Ample misinformation

In the countries where Fondation Hirondelle is active, the list of examples of misinformation being spread is “unfortunately very long”, says Caroline Vuillemin, head of the Lausanne-based foundation which focuses on responsible journalism in crisis situations. 

Hirondelle has been working for 25 years, mainly in francophone Africa, where a number of scurrilous rumours are now circulating, such as: 

  • “The virus is an invention of the West in order to carry out mass vaccinations.”
  • “The virus is an invention of our government so we can get United Nations funds.”
  • “You only have to shave your beard to protect yourself from Covid-19.”
  • “You just have to consume hot drinks every day.”

The radio stations and production studios that Hirondelle has built up over the years are now being used to broadcast fact-based news and information about the virus. The foundation’s work is concentrated in fragile and conflict-ridden countries, where reliable news is often scarce. “We have run cross-national campaigns before, but this is the first time we have been confronted with such a global crisis affecting all of our partner countries at the same time,” says Vuillemin. “This campaign is one of the biggest we have run since we were founded.” 

Good information for all 

From Burkina Faso to the Central African Republic, from Niger to Madagascar, Fondation Hirondelle studios and radio stations produce and broadcast bulletins several times a week with information on codes of conduct and hygiene measures. Listeners are encouraged to call radio talk shows with their questions.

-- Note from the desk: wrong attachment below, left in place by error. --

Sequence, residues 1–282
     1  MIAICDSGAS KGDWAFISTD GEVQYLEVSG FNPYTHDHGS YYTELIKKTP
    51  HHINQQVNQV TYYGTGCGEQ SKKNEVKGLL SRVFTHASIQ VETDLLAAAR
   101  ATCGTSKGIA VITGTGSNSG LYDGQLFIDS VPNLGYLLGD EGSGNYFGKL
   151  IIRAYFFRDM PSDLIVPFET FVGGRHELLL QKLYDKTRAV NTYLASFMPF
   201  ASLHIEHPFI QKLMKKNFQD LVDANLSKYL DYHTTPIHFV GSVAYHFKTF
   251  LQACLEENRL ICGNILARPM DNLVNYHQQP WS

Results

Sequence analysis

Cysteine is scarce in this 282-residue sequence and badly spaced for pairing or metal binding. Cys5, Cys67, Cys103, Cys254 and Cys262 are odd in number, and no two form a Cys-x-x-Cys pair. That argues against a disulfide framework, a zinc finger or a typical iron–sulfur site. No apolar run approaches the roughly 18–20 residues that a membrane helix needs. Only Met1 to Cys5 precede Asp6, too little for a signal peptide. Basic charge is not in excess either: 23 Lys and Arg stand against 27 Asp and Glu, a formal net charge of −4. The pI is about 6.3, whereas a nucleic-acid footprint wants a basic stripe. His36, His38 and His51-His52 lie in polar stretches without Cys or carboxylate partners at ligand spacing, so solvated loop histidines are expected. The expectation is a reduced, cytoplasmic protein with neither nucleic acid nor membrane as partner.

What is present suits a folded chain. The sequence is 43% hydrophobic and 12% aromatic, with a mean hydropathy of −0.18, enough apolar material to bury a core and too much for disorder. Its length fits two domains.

At Studio Hirondelle RDC in the Democratic Republic of Congo, journalists are using social media channels to reach the population with its messages. “The virus is real. It kills. It’s not racist. It hits whites and blacks. Poor and rich. Politicians and celebrities,” says a young reporter in a YouTube clip. “Be responsible. If everyone protects themselves, we are all protected.” 

A journalist from Studio Hirondelle RDC interviewing a young student in Kinshasa in March, as fears of coronavirus were growing in the Democratic Republic of Congo © Gwenn Dubourthoumieu / Fondation Hirondelle

Established journalistic rules and fact-checks are central to the work of the journalists in all programmes, said Vuillemin. “Our aim is to reach less well-educated people with timely and comprehensive information and awareness campaigns, which is why we produce content not only in French but also in local languages.” 

This is particularly important in African countries already weakened by other crises and conflicts.  In these countries the pandemic and the associated “epidemic of misinformation” could fuel conflicts or cause them to flare up again, said Vuillemin. 

“We want to give all sections of the population a voice and promote dialogue. The broadcasts should accompany people especially in this period of isolation and promote solidarity among the population.”